The Prime Minister of Britain, Theresa May, is under serious pressure to outlaw smacking of children in the country.
The pressure is coming on the heels of moves by Welsh politicians to criminalise corporal punishment of children, which has every likelihood of going through and come into effect by the end of the year in both Wales and Scotland, according to multiple media reports.
Currently the English law permits slapping children.
A three-month consultation was launched in Wales on a law which would remove the longstanding legal defence for parents which says they can use ‘reasonable’ force to punish their children.
The Scottish Government has thrown its weight behind a similar move in Scotland.
In England Mrs May’s ministers continue to hold out against a chorus of complaints over the legal right to smack from pressure groups, charities and Children’s Commissioner for England Anne Longfield, who two years ago joined a protest to the UN calling for a ban.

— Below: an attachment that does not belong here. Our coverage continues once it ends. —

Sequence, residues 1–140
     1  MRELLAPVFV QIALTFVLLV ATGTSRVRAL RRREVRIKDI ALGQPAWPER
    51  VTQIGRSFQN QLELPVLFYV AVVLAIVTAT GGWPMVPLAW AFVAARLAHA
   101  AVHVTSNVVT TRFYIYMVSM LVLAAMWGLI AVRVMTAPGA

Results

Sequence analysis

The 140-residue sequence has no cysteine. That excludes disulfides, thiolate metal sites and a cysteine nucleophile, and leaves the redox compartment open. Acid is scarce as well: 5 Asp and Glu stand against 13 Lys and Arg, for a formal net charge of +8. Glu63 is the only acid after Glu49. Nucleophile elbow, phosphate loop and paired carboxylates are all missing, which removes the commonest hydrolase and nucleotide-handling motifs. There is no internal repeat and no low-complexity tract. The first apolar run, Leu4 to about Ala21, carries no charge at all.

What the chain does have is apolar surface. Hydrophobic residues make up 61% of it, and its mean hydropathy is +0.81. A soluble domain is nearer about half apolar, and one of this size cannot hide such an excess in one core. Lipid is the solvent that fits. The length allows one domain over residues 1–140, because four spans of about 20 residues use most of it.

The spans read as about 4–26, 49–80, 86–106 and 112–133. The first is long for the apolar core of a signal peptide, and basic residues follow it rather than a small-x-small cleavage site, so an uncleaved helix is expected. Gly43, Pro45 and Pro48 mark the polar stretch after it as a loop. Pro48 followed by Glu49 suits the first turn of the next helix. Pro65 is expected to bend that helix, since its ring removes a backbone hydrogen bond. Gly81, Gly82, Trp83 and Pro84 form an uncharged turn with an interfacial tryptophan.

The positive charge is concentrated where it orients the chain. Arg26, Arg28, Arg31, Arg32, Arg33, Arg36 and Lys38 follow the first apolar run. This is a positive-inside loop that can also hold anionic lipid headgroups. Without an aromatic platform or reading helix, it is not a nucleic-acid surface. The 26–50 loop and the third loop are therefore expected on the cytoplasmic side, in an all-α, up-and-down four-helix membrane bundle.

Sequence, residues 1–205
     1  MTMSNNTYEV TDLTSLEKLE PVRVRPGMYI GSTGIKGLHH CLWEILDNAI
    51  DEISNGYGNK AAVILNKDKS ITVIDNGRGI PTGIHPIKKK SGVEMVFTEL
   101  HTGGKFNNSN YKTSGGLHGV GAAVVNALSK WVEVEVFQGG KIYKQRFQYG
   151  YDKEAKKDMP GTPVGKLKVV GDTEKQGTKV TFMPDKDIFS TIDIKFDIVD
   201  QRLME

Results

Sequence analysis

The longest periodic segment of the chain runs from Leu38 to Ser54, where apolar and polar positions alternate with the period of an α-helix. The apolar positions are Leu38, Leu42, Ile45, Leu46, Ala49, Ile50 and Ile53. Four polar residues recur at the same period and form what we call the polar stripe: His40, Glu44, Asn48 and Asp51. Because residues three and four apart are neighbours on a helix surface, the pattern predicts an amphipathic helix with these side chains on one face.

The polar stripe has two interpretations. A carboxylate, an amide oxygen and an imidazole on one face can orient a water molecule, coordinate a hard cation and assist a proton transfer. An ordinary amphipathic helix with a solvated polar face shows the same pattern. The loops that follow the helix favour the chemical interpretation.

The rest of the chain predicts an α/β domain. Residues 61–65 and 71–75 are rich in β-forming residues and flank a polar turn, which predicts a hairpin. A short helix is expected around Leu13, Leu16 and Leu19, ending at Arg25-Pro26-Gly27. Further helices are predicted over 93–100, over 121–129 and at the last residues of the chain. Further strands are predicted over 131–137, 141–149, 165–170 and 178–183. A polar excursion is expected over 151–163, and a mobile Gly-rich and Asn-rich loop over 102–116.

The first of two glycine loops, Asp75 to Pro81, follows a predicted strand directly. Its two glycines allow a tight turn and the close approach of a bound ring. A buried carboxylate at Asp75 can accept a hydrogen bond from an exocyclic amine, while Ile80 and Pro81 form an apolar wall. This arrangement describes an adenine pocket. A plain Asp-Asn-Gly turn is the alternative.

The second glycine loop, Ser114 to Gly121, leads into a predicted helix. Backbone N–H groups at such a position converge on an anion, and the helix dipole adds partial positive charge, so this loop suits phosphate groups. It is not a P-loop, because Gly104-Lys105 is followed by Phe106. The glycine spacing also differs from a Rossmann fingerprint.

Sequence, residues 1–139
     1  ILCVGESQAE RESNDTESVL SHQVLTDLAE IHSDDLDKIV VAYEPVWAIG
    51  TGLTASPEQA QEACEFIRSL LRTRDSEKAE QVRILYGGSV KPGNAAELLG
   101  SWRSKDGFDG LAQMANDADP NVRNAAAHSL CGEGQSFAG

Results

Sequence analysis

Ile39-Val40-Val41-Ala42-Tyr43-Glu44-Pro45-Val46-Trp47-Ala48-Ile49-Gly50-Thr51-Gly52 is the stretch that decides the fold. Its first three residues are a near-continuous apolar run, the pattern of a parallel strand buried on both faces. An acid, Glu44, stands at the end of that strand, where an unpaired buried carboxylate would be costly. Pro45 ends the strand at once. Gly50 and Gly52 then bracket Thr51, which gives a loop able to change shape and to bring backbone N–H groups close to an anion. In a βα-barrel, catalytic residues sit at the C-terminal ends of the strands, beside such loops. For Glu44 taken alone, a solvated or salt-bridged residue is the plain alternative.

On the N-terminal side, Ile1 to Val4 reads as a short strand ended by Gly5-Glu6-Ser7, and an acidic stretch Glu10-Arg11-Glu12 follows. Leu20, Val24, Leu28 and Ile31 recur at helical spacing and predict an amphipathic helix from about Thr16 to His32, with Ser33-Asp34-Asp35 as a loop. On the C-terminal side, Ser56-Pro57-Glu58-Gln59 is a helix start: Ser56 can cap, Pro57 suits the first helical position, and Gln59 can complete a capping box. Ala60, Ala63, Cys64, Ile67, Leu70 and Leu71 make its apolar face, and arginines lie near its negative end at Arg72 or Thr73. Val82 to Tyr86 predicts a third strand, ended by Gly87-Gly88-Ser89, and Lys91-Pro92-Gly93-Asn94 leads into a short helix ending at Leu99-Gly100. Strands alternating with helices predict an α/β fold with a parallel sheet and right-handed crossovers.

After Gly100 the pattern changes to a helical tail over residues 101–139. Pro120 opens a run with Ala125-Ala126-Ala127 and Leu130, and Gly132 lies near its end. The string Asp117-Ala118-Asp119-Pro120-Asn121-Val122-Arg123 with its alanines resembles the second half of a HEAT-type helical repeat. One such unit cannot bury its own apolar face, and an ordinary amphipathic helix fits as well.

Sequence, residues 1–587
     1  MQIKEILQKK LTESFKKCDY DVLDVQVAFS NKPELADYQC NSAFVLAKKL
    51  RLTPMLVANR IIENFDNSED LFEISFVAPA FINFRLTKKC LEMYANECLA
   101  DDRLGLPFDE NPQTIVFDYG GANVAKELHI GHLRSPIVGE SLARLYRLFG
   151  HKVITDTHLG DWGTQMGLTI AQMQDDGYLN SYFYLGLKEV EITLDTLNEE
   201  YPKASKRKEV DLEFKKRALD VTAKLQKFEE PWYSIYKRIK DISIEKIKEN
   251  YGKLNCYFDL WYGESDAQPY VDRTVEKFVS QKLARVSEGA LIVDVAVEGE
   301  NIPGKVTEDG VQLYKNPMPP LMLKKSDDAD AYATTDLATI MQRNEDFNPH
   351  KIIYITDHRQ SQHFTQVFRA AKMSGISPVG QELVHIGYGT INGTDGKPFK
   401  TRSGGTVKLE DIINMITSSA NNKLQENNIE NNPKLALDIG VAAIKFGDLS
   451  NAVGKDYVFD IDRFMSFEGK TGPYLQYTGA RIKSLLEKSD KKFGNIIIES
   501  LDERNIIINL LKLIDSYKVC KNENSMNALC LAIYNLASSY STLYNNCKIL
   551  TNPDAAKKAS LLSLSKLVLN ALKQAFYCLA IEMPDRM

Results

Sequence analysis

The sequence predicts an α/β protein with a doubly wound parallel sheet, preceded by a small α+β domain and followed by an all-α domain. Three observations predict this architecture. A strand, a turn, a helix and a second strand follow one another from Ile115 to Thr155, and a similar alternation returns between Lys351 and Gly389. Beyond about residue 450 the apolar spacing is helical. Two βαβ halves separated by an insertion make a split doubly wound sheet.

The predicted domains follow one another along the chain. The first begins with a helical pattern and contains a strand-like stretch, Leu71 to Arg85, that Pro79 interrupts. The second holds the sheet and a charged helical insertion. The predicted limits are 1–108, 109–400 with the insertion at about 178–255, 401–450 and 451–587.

Parents in England have the right to administer ‘reasonable punishment’ to their children under Victorian laws last updated by Tony Blair’s government in 2004.
The current law says parents can use corporal punishment and cannot be convicted of common assault as long as they do no physical or mental harm – usually taken to mean they must not cause bruising or any other injury.
Advocates of the right to smack accuse campaigners for a ban of making false comparisons between parental discipline and child abuse. They also warn that any law against smacking would be an intrusion into family life that could be used to criminalise ordinary loving parents.
There are signs that the rights of parents in England are already under pressure in civil Family Courts. In one case late last year two parents described as ‘loving and caring’ by a judge lost their children to adoption after a plank of the case against their right to keep their children was that they used smacking to punish them.